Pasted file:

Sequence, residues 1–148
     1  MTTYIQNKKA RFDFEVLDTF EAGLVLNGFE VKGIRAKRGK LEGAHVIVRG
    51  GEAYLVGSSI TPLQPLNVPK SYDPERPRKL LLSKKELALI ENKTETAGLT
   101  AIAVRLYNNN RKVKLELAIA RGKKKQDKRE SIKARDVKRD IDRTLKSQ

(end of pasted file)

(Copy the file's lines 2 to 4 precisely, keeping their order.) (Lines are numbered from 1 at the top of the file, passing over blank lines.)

     1  MTTYIQNKKA RFDFEVLDTF EAGLVLNGFE VKGIRAKRGK LEGAHVIVRG
    51  GEAYLVGSSI TPLQPLNVPK SYDPERPRKL LLSKKELALI ENKTETAGLT
   101  AIAVRLYNNN RKVKLELAIA RGKKKQDKRE SIKARDVKRD IDRTLKSQ